|Goa at A Glance
The beaches of Goa are the highlights of travel in this state, making
Goa the premier beach vacation destination.
The people of Goa love to sing and dance. Songs and dance are part
of every Goan's life.
One of the best destination in India. Goa presents an ideal profile
to tourism in india.
Forts & Monuments
Goa Holidays India
> Goa Tourism > Forts & Monuments
After the Portuguese invaded Goa, they built many forts
in Goa to prevent the entry of the enemy. Goa is in a position to boast
about these Goan forts, some of which have been converted into hotels.
The kind of architecture that has been applied in building these forts
in Goa is something that Goa is proud about. When you visit the forts
of Goa, the concoction of different cultures-namely Portuguese, Hindu
and Muslim- stares at you.
Fort of Aguada is situated in the north of Goa, 18 km from Panaji.
The Fort of Aguada in Goa was built by the Portuguese to control the entry
of the enemy into River Mandovi and to protect Old Goa from attacks. The
fortification skirts the seashore. From the ramparts of Fort Aguada in
Goa, you can get a fantastic view of the golden beaches running right
up to the borders of the Indian state of Maharashtra. At the center of
the Fort Aguada in Goa is a circular lighthouse tower which was built
in 1864. If you can manage to reach the top of the lighthouse, then you
can catch some excellent view of the Cabo Raj Niwas. The Fort presently
houses the central jail.
This fort near the internationally famous Mormugao Harbour was built to
protect the harbour situated near the Vasco da Gama town. Its work started
in 1624. It covered an area of six miles in circumference, contained towering
bulwarks, three magazines, five prisons, a chapel and quarters for the
guard. It had 53 guns and a garrison with 4 officers, and was an important
fortress on the western coast. However, except the chapel and a portion
of the boundary wall, little is left of this fort.
TERACOL (TIRACOL) FORT
It was a key Portuguese fort for the defence of Goa, on the north side
of the estuary of the Tiracol river, the most northern boundary of Goa.
This fort is marked by decorative turrets and dry moat with commanding
views of the estuary and ocean. The church set in the middle of the fortress
has a classical late Goan façade. The fort presently houses a tourist
hotel. The beach is situated at the confluence of river and sea and generally
recognised for its tranquility.
THE GATE OF THE COLLEGE OF ST. PAUL
The College of St. Paul, once the principal institution of Jesuits in
India for imparting knowledge on Christianity, was built over the ruins
of a mosque south of St. Cajetan’s church at Old Goa in 1542. However,
it was abandoned during the outbreak of plague in 1570 and went into disuse.
The Government demolished this ruining structure in 1832 to carry materials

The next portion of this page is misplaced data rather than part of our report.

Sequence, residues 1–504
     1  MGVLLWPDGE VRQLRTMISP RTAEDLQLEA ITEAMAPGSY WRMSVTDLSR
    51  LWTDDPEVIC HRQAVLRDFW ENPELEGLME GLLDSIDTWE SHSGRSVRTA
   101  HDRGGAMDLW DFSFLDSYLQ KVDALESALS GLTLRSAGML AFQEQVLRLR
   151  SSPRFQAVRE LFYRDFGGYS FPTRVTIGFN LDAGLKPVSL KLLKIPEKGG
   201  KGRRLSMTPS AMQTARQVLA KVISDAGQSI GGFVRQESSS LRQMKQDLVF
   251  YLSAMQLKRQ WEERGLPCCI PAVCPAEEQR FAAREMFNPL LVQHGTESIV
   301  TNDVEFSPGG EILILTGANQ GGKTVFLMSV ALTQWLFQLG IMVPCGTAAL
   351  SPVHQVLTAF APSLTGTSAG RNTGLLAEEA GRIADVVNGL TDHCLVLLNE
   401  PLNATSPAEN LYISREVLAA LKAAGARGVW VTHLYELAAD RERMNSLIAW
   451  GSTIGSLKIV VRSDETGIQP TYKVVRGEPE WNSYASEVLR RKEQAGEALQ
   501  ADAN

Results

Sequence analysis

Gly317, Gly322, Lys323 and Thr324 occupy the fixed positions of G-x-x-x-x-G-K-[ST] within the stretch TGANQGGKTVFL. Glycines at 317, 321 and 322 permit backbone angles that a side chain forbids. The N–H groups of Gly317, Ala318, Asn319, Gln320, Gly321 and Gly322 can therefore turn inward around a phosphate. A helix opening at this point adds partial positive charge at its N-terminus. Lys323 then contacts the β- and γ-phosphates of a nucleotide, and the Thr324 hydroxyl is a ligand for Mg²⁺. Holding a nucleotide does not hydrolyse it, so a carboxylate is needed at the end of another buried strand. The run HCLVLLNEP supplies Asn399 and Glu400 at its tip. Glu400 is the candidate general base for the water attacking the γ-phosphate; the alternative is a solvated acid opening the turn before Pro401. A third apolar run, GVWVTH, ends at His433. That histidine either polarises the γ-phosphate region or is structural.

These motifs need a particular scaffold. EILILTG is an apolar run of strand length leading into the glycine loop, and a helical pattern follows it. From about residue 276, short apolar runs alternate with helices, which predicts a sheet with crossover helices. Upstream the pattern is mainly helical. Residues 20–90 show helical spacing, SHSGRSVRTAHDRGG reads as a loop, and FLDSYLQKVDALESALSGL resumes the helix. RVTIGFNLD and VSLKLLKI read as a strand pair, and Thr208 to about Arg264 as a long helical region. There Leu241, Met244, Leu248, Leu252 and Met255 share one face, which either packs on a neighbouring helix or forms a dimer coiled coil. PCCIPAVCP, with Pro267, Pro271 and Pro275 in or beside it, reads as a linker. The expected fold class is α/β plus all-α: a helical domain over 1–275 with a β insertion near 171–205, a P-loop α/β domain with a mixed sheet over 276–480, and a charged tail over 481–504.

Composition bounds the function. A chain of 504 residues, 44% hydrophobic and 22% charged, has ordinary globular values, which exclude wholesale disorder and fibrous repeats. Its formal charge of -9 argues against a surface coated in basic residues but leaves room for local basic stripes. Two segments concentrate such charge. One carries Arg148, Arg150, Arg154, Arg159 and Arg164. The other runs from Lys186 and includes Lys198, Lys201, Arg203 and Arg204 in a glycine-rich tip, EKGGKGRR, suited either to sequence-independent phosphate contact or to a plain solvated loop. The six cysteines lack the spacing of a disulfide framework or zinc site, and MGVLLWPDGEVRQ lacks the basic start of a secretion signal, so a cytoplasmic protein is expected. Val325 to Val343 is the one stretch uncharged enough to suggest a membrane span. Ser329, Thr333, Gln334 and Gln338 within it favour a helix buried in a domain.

for building construction in Panaji. The only remnant of this College
is the façade in the shape of an arch with a niche at the top and a cross
crowning it. The arch that led to the College as a gateway is built of
laterite, flanked on either side by a basalt column of the Corinthian
order on raised plinth, and supported by basalt pilasters of the Doric
GOA TIRACOL FORT
The Tiracol Fort in Goa looks as if it has come out alive from a fairy
tale. Now this fort has been converted into a hotel. A beautiful little
Goan church dominates the central court around which the fort of Tiracol
rises: a living church full of light and quiet elegance. Cross the court
and walk up the narrow stone stairs through short passages into split
level rooms which follow the contours of the headland: old furniture,
superb views over the river Tiracol and the beaches and out to the blue
horizon of the sea. The Portuguese had sailed in from there, established
themselves in the old conquests like this one, taken over an existing
outpost, converted it to a fort to repulse the latest technique of attack.
THE TOWER OF THE CHURCH OF ST. AUGUSTINE
Built in 1602, the only ruin of the Church of St. Augustine on the Holy
Hill at Old Goa near the Nunnery, is a lofty 46-metre high tower defying
the torrential rains. The tower is one of the four of St. Augustine Church
that once stood there. The Church when intact was perhaps the biggest
in Goa. With the religious suppression in 1835, the Augustinians deserted
the church and the convent. The neglect resulted in the collapse of the
vault on September 8, 1842. The façade and half of the tower fell in 1931
and some more parts of it collapsed in 1938.
GOA CABO DE RAMA
Not far from Agonda beach in Goa is Cabo de Rama, untouched by most
of the visitors in this region. The atmosphere of the fort creates a sense
of history and drama that very few would fail to appreciate. The fort
is named after Rama, hero of the Hindu epic Ramayana. According to the
local legends, Rama stayed here with his wife Sita during the period of
|Goa at A Glance
Goa Offers unforgottable experiences for accommodations. variety
of Five Star,Four Star, Deluxe, & luxury hotels makes this place
unbeleveable to stay.
Spending your holidays in Goa is the another world class experiences
in traveling. Goa is a worth visit place in india.
Taj & other five Star Hotels in Goa offers various seasonal
holiday packages time to time.
Goa is famous for fantastic sunny & sandy Beaches. Take a tours
to goa and explore everything it has.
Goa experiences a lovely & relaxing climate. Just the type needed
for you to chill out and have some fun.
Church building was one of the main occupations of the early Portuguese
and in fact one of Vasco da Gama's main missions for finding the
sea route to India.
Goa is the home of the famous Vindaloo, originally an extra-hot
and sour pork curry, but now made with a variety of meat and fish.